Consultant says Avon interchange isn’t threat to surrounding communities
ELYRIA — A proposed Interstate 90 interchange at Lear-Nagle Road in Avon won’t damage the economies of neighboring communities, according to a preliminary report issued by a consultant looking at the plan.
That’s exactly what Avon Mayor Jim Smith said he expected the report to tell the Northeast Ohio Areawide Coordinating Agency, which must give its blessing to the interchange.
“This interchange isn’t going to encourage or discourage anybody from doing one thing or another,” he said. “The report justifies the fact that it wouldn’t have any adverse effect on anybody.”
The D.B. Hartt Inc. economic assessment report, which examined existing traffic and development patterns along I-90 in western
Cuyahoga County and Lorain County, said sprawling development in the area — both industrial and residential — would progress naturally whether an interchange is built or not.
“It is unlikely that the denial of the interchange will materially alter the development patterns compared to what has been and will likely occur in the future,” the report stated. “Development will continue to respond to market demand.”
The Richard E. Jacobs Group Inc. has already proposed a 220-acre site north of I-90 for development and will take on a third of the costs associated with the interchange’s $19 million price tag.
The remaining costs will be split between bonds paid for by the city of Avon and tax incremental financing agreements that will tap into the project’s expected revenue.
Representatives from the Cleveland Clinic, which plans to build a 170,000-square-foot outpatient facility within the Jacobs development, came to the meeting to support building the interchange.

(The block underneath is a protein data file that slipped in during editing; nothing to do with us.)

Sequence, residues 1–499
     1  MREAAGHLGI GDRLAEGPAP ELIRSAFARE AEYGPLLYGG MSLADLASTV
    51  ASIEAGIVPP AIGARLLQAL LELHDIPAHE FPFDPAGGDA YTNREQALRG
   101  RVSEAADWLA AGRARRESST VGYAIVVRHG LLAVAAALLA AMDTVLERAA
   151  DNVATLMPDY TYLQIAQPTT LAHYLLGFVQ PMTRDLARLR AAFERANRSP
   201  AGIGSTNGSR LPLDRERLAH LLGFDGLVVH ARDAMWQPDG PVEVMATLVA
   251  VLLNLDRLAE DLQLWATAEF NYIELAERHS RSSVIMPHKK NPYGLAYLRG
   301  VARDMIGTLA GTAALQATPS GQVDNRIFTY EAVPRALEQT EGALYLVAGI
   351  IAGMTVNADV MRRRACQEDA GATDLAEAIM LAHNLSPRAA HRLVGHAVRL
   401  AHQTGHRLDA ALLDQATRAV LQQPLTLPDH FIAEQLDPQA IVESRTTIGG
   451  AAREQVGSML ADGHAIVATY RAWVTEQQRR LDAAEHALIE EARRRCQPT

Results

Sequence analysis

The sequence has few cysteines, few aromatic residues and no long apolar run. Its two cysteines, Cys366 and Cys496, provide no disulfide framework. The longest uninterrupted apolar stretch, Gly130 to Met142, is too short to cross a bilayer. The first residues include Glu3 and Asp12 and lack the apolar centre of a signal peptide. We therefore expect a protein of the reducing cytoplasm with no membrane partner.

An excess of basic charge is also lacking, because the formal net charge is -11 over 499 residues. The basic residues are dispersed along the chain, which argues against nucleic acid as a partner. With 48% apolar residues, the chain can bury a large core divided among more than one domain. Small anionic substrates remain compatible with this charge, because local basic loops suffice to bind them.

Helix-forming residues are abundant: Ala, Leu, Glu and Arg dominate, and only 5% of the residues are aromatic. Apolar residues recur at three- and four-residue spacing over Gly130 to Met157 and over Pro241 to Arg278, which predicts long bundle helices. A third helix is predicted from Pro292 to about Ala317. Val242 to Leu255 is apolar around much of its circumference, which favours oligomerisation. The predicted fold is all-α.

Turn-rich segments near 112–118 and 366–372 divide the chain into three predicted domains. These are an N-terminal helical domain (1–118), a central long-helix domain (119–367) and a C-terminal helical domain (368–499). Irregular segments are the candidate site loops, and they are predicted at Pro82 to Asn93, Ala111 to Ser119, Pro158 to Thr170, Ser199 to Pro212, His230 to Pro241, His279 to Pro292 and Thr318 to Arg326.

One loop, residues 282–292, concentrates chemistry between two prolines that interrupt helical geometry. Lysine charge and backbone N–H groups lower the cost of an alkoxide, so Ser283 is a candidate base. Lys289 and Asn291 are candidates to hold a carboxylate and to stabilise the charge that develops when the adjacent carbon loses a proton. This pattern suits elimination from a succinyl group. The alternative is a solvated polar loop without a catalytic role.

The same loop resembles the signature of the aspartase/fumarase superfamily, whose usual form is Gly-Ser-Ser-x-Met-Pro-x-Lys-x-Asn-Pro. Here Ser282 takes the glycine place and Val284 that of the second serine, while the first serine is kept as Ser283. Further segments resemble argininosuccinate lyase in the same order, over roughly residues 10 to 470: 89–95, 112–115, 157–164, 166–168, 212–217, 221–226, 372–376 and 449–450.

Henkel Corp., the city of Avon’s largest employer, also supported the interchange plan in an e-mail to the consultant.
“Not building the interchange would not necessarily eliminate Henkel’s capability to further expand the Avon site,” Henkel’s e-mail said. “But (it) would certainly be a substantial detractor for future growth.”
The report also suggests providing a regional transit connection in Avon to help link riders to Cuyahoga County and beyond.
Ron Eckner, NOACA’s director of transportation and planning, said connecting to the rest of the region could help spur the approval the interchange needs.
The 38-member NOACA board, made up of public officials from Lorain, Cuyahoga, Lake, Medina and Geauga counties, is expected to vote on the issue Sept. 14.
Elyria Mayor Bill Grace sits on the board but remains unconvinced the interchange can have a positive effect locally — for the region or even the city it’ll call home.
“I’m skeptical,” he said. “I’m not sure I see the benefit to Lorain County, or the benefit even to Avon."
Contact Stephen Szucs at 336-4016 or firstname.lastname@example.org.